These early second half minutes were so lively, and as if just two goals and a booking had not been enough, Bolivia went straight back on attack and had a header off the top of the crossbar. What happened was that Borja again was fouled when coming forward, with Domínguez the offender, and while Pérez’ attempt at a shot from distance had been charged down by the defensive wall, the ball found its way to the right inside the visitors’ area. Martínez, up for the free-kick, recycled it and hit a cross into the six yard area, where Ramallo rose to get his head to the ball, seeing it bounce off the top of the bar with Pereira again beaten. The ‘keeper would’ve felt lucky to collect the rebound without much effort.
With ten minutes of the second half played, a third Uruguayan goes into the referee’s little black book. This time it is midfielder Perdomo who’s been too aggressive in a challenge with the skillful Melgar, whose close control had almost seen him evade the attempted tackle. Any lift the visitors may have felt after reducing the arrears had seemed to evaporate immediately as they’d conceded that Ramallo header off the bar. Was their goal back just a brief glimmer of hope, and one of little substance?
While no altercations in tactics had been evident at the start of the second half, much due to the fact that we had not had a whole lot to base first half verdicts on, what was noticeable in the wake of Uruguay’s goal back, was that Bolivia had let goalscorer Peña switch from the right across to the left hand side. He had cut a lively figure early in the second period, and his goal had been a terrific finish. Was the idea now to overload the visitors’ right hand side defensively, where Herrera had been trying to contain Romero hitherto? Perhaps did Habegger feel it sufficient to have Borja and also Melgar along the right, and rather allow for some enterprising play along the other flank, too, as the hosts could’ve been eyeing a third goal to truly put the Uruguayans to the sword.
Game appears to settle
As the hosts were only ahead by the slimmest of margins, Uruguay were by no means out of it; they were yet just a goal away from a precious point. Still, they would need to guard against the hosts defensively, as Bolivia were looking threatening when they were allowed to take the ball down and play. The visitors’ defensive line was usually very secure, though in these circumstances, little counted as normal, and the same applied for Uruguay’s defensive security. Another major point to their game was the lack of transitions, a telling factor to their game during the win last week in Lima, and while one should not ignore Bolivian tactics to play a big part in this, there was little doubt that their four most forward players had been unable to recreate their energy levels from the Peru game.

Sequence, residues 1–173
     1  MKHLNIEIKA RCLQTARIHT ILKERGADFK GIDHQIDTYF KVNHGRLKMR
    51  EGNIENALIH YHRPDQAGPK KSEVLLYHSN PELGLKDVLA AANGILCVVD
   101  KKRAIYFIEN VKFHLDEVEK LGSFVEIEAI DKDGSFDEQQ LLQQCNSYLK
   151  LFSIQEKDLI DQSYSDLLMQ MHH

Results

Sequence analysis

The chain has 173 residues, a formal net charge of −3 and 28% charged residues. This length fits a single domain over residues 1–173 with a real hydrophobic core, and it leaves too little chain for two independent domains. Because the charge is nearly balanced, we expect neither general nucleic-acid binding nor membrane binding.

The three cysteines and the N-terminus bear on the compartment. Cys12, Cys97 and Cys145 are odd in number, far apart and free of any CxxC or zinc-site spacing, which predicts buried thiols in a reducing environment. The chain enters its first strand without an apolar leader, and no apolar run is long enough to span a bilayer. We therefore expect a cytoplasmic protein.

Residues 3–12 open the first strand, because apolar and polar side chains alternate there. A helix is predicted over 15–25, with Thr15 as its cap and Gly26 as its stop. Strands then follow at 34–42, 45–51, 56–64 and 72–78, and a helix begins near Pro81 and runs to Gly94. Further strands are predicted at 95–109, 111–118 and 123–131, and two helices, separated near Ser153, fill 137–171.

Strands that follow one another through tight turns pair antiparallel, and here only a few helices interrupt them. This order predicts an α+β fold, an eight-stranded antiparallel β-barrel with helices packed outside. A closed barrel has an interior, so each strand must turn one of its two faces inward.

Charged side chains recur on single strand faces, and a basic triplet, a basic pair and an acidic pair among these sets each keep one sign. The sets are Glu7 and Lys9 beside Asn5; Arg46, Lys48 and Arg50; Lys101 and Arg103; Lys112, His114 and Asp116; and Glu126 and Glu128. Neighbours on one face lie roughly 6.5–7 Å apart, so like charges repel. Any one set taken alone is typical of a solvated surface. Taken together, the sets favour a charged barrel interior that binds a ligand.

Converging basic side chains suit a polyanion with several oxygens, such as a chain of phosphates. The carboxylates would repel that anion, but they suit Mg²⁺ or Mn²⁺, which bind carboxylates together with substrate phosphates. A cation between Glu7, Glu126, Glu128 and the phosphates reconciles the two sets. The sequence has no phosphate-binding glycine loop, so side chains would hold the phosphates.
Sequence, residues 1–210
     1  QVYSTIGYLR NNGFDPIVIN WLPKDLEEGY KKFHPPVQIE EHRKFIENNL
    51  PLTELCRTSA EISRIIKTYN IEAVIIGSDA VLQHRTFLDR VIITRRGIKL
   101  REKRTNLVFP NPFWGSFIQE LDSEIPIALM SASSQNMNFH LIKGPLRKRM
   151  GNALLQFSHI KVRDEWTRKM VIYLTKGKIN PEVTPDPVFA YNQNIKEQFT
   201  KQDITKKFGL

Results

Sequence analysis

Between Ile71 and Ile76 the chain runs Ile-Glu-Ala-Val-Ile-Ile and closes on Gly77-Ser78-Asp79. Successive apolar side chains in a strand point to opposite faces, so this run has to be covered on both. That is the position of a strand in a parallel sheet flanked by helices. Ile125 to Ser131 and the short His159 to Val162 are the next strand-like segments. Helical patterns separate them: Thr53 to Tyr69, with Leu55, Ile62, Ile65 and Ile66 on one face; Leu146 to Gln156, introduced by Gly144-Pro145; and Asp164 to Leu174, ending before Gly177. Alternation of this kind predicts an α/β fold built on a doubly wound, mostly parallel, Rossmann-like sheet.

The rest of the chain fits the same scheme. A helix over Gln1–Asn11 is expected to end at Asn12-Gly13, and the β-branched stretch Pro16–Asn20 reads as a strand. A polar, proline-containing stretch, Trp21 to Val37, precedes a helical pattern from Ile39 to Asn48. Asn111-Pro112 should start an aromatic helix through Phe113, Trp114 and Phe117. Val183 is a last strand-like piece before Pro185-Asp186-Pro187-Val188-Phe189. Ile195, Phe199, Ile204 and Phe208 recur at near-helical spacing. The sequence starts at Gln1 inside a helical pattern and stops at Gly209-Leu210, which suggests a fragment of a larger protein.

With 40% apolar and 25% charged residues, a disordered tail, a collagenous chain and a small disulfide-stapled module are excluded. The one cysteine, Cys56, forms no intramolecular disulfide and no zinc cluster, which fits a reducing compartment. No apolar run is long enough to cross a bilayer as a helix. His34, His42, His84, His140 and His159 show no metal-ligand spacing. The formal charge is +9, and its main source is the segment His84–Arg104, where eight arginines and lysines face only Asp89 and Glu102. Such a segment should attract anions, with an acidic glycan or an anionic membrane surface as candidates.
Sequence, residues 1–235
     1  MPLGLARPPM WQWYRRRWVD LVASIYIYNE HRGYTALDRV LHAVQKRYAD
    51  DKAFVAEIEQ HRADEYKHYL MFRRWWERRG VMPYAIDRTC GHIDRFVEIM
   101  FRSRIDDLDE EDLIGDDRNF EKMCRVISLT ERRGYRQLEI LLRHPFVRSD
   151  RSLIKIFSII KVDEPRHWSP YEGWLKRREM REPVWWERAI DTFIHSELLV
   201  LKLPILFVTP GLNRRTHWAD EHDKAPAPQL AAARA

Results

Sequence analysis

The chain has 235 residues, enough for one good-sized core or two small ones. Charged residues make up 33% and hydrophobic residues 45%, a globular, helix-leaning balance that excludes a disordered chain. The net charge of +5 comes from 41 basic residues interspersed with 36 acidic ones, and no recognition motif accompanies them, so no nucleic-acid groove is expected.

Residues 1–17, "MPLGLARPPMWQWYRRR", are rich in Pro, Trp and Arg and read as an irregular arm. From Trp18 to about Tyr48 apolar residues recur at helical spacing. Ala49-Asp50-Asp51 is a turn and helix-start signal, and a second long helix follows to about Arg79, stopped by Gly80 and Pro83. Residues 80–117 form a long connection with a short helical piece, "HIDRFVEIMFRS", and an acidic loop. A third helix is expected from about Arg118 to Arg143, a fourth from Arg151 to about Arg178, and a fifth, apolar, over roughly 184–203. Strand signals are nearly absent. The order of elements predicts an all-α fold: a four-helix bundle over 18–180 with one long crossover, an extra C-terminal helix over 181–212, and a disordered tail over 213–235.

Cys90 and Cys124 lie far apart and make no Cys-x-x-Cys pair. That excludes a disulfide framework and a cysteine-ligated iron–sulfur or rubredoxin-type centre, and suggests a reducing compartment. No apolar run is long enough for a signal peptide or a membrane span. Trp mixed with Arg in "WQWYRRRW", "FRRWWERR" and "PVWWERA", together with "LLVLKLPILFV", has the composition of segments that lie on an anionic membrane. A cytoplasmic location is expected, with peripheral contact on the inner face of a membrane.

The game has steadied into a more settled pattern than the frantic opening of the second half as we surpass the hour mark. If anything, it is the hosts who have looked the more threatening, and the lively Peña had worked himself into a crossing position from the byline to the left inside the area, only to see Ramallo scoop his low ball into the six yard box well over the bar. The same Peña had taken a knock during the build-up, and was soon seen receiving treatment on the touchline. It turned out to be severe enough for him to leave the field of play, bringing into action the exuberant Erwin Sánchez, the teenager who had showed plenty of promise in his second half appearance in their opening qualification win against Peru. Peña had worked more towards the left than the right hand side in his final ten minutes on the pitch, so would this be where Sánchez saw himself, too?
Bolivia looked a tidy outfit on this performance, far from the shambles which had seen them lose heavily to Chile in the continental championships, where they’d exited without scoring a single goal. They were strong and organised at the back, where their experienced heads lead their battle, and where in particular the imposing Martínez had acquitted himself well. He’d won practically everything in the air. Soria was a steadying influence at the base of their midfield with his cool, and he would recycle the ball for the team’s more creative figures, where Melgar might have been less visible as the second half’s progressed, though he’d already played a big role. The ever-inspirational Romero kept distinguishing himself, some passing errors apart, as he would often seek to take advantage of those little pockets of space in the left hand channel. With Sánchez now on board, they had another massive asset: the substitute’s speed. Could they use it to their advantage?